Aug 202014

spiced fig jam with wine

Late August, and little by little, the longest days of this very strange summer are waning.

It’s surreal, but war on Israel’s ground has become almost ordinary. Hostilities started, stopped, and started again, like a bucking horse. We, the small folks who work and take buses and come home to cook dinner, grit our teeth and carry on, hoping to dodge the flying hooves.

But as long as it’s left undisturbed, nature takes its way throughout the hot days. Pomegranates are turning red in private gardens, a sign that Rosh HaShana is approaching.


And figs are sprouting wherever they dare, which is anyplace. I love the fig tree; its hand-shaped leaves with their odor of vanilla and cinnamon, its luscious fruit with a red heart; even its chutzpah as it takes root in any available cranny.

image urban wild fig

How I have loved standing under wild fig trees in Tsfat’s outskirts, harvesting the small, sweet fruit. Figs grow and thrive where I live now in Central Israel too, but somehow, they don’t seem as romantic as those wild figs from the Galilee. Never mind. There’s the shuk

shuk petach tikvah

where, let it be said, anyone is free to shop without fear…

image arab shoppers israel

and which offers figs of splendor.

image fresh israeli figs

The absolutely most delicious way to eat fresh figs is simply to hold one plump, moist fig in your hand and bite into it. But the yearning to preserve a little of that flavor overcame me. Here’s an unusual fig jam recipe that includes red wine, herbs, and a little balsamic vinegar. The mildly acidic flavors brighten up what is often a rather bland preserve, and the spices give it a subtle herbal undertone. The jam improves over time, tasting even more delicious a couple of days after it’s sat in the fridge.

 Spiced Fig and Wine Jam

Inspired by Leda Meredith’s preservation page on


1.360 kg. (3 lb.) fresh figs
1 1/4 cups white sugar
1 cup dark, runny honey
1/2 cup dry red wine
A good splash of balsamic vinegar
1 2-inch sprig of fresh rosemary (Don’t use dried rosemary, you’ll never get those little needles out. Substitute 1/4 teaspoon fresh or dried thyme if you don’t have rosemary.)
1/2 teaspoon cinnamon
1 medium bay leaf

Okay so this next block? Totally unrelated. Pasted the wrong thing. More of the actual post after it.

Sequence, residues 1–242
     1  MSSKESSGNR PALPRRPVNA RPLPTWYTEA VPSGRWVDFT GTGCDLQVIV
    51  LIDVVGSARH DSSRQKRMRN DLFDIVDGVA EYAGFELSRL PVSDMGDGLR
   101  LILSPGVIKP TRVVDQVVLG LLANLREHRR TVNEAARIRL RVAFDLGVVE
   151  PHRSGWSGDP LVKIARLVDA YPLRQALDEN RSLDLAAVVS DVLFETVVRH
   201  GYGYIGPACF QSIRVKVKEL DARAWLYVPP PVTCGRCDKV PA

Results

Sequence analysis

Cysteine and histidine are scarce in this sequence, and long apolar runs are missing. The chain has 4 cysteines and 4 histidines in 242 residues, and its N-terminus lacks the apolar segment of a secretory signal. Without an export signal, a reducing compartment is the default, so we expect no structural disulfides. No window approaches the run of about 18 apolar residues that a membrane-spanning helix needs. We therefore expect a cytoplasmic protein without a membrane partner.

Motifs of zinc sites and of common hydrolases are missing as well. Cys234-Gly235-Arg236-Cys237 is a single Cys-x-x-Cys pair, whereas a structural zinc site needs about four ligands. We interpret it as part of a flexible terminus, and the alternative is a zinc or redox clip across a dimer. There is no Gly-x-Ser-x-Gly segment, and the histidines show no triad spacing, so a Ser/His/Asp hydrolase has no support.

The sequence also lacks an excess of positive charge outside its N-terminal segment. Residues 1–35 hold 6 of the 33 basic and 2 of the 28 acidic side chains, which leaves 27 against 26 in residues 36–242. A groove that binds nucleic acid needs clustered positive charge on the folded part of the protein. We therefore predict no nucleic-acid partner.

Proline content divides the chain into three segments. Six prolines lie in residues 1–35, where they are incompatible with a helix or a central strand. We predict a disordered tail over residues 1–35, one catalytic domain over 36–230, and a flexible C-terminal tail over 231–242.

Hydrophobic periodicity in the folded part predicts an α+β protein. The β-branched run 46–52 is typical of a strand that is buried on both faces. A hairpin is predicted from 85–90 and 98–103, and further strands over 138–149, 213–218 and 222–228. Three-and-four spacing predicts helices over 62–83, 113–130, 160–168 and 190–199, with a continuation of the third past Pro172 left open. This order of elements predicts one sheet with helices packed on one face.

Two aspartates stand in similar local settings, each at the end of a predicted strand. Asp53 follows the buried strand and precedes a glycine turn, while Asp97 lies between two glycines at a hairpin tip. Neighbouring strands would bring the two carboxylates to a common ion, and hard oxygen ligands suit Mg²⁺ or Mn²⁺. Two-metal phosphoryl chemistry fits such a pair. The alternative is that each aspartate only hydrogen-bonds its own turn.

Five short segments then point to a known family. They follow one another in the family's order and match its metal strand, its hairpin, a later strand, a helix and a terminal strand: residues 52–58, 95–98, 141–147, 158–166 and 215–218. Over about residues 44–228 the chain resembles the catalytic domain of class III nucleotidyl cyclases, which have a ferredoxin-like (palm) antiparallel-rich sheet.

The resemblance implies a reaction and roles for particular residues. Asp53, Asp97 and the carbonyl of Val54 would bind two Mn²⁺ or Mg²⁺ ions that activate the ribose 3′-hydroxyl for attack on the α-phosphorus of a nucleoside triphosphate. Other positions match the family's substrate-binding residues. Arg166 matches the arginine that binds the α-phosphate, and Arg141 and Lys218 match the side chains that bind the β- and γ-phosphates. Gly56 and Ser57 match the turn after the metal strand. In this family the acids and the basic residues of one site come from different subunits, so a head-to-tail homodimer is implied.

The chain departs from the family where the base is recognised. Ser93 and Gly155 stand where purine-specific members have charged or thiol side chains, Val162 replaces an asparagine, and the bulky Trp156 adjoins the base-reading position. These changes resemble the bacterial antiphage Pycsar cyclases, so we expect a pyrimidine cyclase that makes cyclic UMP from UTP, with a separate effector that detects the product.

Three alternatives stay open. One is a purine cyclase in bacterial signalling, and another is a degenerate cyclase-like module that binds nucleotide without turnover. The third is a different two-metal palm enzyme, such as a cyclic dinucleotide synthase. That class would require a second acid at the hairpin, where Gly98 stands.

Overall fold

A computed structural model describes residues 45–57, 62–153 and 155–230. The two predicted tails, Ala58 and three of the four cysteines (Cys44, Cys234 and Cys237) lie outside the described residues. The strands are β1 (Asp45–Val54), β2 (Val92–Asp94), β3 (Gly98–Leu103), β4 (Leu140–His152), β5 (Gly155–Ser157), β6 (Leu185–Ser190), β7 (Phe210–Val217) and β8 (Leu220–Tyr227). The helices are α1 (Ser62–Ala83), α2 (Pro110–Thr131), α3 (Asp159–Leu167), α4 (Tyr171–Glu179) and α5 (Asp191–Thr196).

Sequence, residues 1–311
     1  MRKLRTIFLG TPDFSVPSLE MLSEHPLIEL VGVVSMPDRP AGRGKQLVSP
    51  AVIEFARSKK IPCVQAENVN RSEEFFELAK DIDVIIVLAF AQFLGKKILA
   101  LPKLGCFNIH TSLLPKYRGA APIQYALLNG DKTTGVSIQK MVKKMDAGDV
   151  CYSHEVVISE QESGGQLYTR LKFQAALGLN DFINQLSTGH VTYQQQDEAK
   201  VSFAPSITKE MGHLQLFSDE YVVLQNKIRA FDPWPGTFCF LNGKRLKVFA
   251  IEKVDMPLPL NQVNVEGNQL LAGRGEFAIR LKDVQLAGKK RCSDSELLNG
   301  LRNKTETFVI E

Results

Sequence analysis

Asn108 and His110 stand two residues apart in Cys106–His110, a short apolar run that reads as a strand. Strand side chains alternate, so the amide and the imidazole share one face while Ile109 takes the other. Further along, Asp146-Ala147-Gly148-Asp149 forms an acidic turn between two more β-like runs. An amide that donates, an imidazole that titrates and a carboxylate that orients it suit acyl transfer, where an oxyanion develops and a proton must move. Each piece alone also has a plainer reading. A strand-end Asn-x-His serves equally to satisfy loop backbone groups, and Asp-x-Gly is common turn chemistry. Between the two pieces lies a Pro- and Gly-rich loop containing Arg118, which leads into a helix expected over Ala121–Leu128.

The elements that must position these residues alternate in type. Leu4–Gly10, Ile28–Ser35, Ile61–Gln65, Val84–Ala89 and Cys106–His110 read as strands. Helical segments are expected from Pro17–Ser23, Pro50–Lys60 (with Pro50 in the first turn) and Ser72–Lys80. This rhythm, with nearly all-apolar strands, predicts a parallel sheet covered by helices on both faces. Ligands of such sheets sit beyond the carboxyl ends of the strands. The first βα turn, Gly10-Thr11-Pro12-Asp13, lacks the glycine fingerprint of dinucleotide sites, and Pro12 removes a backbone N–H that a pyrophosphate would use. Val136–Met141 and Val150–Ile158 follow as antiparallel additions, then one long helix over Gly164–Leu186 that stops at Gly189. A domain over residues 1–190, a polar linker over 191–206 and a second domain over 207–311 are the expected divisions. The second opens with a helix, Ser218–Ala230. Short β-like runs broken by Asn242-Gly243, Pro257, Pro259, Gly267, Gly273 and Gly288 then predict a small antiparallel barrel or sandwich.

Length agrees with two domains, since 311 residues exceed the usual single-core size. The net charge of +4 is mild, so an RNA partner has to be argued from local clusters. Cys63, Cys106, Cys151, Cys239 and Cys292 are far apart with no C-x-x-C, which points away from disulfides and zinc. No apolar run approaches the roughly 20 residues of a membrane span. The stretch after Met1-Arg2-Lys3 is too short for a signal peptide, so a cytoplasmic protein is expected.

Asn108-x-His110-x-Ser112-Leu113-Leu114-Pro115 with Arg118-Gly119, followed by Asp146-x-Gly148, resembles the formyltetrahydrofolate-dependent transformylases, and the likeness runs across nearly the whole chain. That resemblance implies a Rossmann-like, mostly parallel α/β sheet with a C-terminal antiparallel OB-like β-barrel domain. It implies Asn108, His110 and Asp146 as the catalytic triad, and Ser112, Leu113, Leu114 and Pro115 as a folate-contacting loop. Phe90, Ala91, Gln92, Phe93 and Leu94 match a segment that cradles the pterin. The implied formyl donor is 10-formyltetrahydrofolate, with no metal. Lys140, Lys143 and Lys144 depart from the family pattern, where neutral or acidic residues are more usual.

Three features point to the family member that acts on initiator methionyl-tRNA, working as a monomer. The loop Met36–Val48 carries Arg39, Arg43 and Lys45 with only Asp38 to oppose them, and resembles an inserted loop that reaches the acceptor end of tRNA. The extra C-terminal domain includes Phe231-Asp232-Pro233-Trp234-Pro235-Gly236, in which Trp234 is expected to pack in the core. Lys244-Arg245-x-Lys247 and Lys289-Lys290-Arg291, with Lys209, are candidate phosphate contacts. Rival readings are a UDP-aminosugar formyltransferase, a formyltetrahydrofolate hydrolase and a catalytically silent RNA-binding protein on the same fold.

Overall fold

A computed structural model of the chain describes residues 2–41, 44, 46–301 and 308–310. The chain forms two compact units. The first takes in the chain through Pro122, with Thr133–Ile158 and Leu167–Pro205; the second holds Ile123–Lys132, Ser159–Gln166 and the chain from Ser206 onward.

Rinse the figs and slice the stems off. Cut into halves if figs are small, into quarters if large. Put them into a large saucepan or a bowl.

Mix the remaining ingredients and pour over the figs. Stir gently and cover. Leave the figs alone at room temperature for 2 hours, stirring twice during that time. Remove the rosemary sprig.

Turn the heat to high and boil the considerably softened and juicy fig mixture. Stir often, keeping a sharp eye out for when the jam starts to thicken. Don’t reduce the heat, just keep stirring to prevent scorching. Test the jam on a cold plate; if a drop holds its shape, it’s ready. The whole thing should take no more than 20 minutes and maybe only 15.

Remove the bay leaf and if you like, purée the jam before storing. I use a stick blender and purée it right there in its pan, while its still somewhat hot (with great care to keep away from splashes).

According to Leda, you don’t have to sterilize the jars for this recipe. I don’t have much pantry space, so I keep the few preserves I make in the fridge. It keeps for three months. Follow standard boiling water-bath procedure if you wish to store the jam at room temperature for any length of time.

I serve teaspoons of this jam with local white cheeses. A nice mature Brie also pairs deliciously with it. And a glass of chilled Chardonnay with them never did anyone any harm.

image spiced fig jam

Aug 212011



August is peak season for so much fruit, it’s hard to choose which to preserve. I used to go hog-wild at the shuk and shlep home kilos of that juicy, perfumed, vividly-colored produce. Fruit wines, liqueurs, jams and chutneys. Mason jars and bottles and carboys all over the kitchen – all over the house. But eventually the family group dwindled, and I found that life demanded downsizing my shopping and cooking.